Having said that, some people get "that" gig and others don't. That makes music competitive. You are always compared to others in this profession. The trick is to not get caught up in that, but to simply do your very best and let the chips fall where they may - which they're going to do anyway.
     
  9. Sethoflagos

    Sethoflagos Utimate User

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    Lagos, Nigeria
    I guess, in the 20-odd years I played regularly, 80% of the time I was on top seat.

    It probably suited my personality, in that taking the solo part there was nowhere to hide if I screwed up. And that 'danger' factor gave me a real buzz, kept me on edge and 100% focussed on getting it right. Not out of fright - I never felt that - but out of anticipation of how good we would feel after we'd given a great performance of a challenging piece.

    And the key word here is 'we'.

    Other than pure solo work, it was never about my own personal performance. How can that mean anything in the context of an ensemble? Okay, you have to audition (failed a few, passed a few), but once that's over it's a team game isn't it? I don't recall ever feeling that I was in competition with the musicians around me, and if I had done, I can't see how that would have done anything but harm.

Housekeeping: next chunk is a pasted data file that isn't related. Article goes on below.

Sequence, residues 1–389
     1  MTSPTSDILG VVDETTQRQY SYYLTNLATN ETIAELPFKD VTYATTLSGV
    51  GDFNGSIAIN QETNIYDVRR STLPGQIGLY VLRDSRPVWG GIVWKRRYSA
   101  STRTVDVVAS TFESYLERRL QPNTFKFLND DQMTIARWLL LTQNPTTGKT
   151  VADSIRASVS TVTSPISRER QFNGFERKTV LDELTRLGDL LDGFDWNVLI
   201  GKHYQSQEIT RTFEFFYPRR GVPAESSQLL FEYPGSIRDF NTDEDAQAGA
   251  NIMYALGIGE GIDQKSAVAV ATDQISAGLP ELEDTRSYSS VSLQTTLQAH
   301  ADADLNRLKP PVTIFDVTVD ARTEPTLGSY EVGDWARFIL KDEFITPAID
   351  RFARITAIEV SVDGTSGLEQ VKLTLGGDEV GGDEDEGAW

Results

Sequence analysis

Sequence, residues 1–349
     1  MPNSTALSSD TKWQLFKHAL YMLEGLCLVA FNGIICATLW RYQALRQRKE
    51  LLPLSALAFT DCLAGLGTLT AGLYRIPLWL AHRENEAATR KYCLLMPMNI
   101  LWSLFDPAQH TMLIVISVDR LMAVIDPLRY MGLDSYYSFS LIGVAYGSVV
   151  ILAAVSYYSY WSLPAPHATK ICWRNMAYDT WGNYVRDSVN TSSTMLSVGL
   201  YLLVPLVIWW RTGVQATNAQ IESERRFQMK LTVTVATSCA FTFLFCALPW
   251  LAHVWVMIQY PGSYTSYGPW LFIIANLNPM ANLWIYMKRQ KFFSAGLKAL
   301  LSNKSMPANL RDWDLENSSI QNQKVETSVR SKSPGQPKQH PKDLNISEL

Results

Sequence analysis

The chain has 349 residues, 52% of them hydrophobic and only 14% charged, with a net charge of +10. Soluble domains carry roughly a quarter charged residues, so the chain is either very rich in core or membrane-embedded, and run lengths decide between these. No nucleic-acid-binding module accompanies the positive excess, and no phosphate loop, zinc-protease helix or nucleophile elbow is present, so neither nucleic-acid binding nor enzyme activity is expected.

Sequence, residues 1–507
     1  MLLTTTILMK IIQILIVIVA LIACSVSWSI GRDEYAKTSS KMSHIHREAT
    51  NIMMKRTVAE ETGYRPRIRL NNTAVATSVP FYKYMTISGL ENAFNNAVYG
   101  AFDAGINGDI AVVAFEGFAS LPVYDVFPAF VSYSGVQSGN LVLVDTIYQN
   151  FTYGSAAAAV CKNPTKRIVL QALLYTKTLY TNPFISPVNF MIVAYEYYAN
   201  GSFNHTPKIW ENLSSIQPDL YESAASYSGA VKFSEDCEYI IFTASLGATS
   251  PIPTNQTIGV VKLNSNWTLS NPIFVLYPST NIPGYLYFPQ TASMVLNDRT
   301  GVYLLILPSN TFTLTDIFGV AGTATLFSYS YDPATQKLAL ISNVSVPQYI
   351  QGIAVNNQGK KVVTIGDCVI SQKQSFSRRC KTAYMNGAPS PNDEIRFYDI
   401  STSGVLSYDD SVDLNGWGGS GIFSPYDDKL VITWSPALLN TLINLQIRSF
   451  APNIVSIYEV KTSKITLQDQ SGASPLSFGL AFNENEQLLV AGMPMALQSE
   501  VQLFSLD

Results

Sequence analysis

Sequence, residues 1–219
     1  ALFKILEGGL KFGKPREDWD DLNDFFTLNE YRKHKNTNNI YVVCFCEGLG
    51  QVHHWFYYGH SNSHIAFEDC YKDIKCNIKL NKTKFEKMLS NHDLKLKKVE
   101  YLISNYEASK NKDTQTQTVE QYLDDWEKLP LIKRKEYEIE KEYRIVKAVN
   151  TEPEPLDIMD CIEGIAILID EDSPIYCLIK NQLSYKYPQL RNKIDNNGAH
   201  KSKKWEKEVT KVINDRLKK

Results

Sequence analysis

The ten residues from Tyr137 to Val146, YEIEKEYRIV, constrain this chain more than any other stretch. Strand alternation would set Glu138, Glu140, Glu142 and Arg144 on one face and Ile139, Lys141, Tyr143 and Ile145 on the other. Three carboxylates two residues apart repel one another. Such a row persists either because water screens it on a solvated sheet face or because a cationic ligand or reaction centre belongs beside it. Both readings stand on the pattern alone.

36 posts and not a mention of what was in the interest of the band. Only 'me'. I found reading through this thread a little depressing :-(
     
  10. Branson

    Branson Piano User

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    If four other trumpet players played the solo better than you did, lets face reality, you either didn't know the music well enough or you have an issue playing under pressure, or both.
    Fortunately both problems are solvable.

    If you are able to play the solo perfectly ten times in a row you might have prepared it enough to do OK.

    The next level would be to play it ten times in a row perfectly in front of your parents.

    If you can play it perfectly ten times in a row in front of your trumpet competition, then you might have it down.

    Once you have it down ten times in the original key try transposing it up a step and start all over again.

    Once you have that down ten times in a row perfectly, start playing it half speed and then double speed.

    Too many students feel that they can play a piece well if they can just get through it. THAT IS NOT LEARNING A PIECE. At that point you are just STARTING to learn it.